Okay, it’s August and kids are going back to school, we are in the late-summer phase of ignoring the real work world. But this is the perfect time to get re-acquainted with DMA’s self-regulation, no? I think so—as soon as you come back to work and start learning of all the new intricate plans regulators are putting into place, you are going to miss self-regulation. Why? The only way we can succeed is to have you understand, from a practical business sense, that the more members we can convince to “do the right thing,” the less regulators will be bothering you like the last of the summer mosquitos and costing you time, money and effort.
Ok, you say, but why should I care? I am part of huge company with layers of lawyers—I can call on anyone and get them off my back, no? No. You can’t do this by yourself. Self-interest is not self-regulation. You may be one amazing company and doing all the right things. You may have every possible online privacy disclosure and process and an OBA icon baked in every possible OBA ad not to mention an incredible list hygiene process that puts others to shame. But if others in the marketing neighborhood are letting their lawns dry up, or have falling down houses—the entire neighborhood will be in decline and that means a large scale restriction on marketing—read—your business revenue lines—is much more likely. You may be the best of the best—but we need you to participate in our self-regulatory efforts and encourage others in the marketing supply chain to join the DMA. Only a large scale marketing organization can properly “do the right thing” based on current marketing best practices, and the more marketers do this, the better the marketing community we will operate in.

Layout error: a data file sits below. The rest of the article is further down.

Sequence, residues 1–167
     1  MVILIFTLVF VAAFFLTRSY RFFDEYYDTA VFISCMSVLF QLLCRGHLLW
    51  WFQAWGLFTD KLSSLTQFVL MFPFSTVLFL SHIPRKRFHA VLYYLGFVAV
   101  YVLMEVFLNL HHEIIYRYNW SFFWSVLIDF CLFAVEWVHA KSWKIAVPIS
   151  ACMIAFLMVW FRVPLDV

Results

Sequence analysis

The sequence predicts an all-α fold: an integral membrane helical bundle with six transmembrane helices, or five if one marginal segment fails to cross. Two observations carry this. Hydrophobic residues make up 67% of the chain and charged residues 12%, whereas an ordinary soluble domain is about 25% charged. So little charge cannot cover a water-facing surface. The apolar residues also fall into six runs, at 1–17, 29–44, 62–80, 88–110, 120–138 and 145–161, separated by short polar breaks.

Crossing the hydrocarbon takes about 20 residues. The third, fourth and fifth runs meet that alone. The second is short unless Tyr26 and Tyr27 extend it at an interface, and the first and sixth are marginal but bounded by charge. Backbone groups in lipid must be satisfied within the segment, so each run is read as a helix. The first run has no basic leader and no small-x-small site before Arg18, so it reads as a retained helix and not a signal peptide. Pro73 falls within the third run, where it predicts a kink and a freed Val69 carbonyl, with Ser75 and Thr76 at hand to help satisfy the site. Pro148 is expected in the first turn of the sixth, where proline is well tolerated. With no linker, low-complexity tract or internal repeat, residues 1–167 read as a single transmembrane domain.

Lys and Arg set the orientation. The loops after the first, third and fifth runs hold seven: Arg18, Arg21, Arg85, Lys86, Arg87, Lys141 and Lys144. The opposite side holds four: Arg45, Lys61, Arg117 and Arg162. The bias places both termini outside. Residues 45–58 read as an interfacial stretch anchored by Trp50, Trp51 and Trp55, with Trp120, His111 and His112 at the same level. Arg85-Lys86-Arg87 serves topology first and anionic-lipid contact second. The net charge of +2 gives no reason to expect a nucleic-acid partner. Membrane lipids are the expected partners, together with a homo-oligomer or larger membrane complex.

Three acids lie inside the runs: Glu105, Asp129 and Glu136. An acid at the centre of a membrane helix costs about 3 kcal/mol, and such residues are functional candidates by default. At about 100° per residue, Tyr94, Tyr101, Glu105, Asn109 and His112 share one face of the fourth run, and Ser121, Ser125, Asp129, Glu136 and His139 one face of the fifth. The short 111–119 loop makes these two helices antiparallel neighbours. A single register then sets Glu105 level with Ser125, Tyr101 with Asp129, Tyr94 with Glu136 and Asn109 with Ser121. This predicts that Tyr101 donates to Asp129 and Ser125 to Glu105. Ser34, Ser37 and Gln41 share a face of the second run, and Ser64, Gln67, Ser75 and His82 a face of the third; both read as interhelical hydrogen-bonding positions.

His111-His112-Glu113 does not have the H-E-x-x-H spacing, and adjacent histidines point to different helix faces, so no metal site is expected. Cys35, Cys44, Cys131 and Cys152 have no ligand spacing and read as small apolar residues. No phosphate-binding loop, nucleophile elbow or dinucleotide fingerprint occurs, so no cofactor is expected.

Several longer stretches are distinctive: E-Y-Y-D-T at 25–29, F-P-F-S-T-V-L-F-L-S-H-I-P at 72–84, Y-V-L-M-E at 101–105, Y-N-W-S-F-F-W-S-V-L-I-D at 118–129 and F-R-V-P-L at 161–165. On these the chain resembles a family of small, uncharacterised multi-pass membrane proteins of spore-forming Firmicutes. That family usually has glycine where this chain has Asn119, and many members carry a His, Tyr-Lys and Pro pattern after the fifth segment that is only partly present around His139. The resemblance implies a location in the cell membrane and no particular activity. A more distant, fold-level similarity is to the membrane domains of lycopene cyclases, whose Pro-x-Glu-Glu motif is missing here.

So, what should you do?
-Encourage membership in the DMA and display the DMA member logo. This means that you are agreeing to abide by the DMA’s code of ethics. The more members, the stronger we will be to fend off bad legislation. Ask those you are working with what they are doing to be in compliance with DMA’s requirements. Send them to Sarah Beerbower to get membership information!
-Periodically review and ensure you comply with the DMA member guidelines (code of ethics) which cover all marketing channels—not just mail, but online, mobile, social, etc. www.dmaresponsibility.org/Guidelines/
-Use the www.DMAchoice files—this includes suppression files for deceased & caretakers. Proper use of the suppression files builds consumer trust and prevents harmful do-not-mail legislation. For online marketers, ensure you are participating in the DAA self-regulation, see www.aboutads.info
-If you are using data from the EU or Switzerland, sign up for the DMA’s International Safe Harbor to ensure you are in compliance http://www.dmaresponsibility.org/SafeHarbor/businesses.shtml
-Send us examples of bad marketing and your questions on best practices—email to Ethics@the-dma.org We are on stand-by to help you!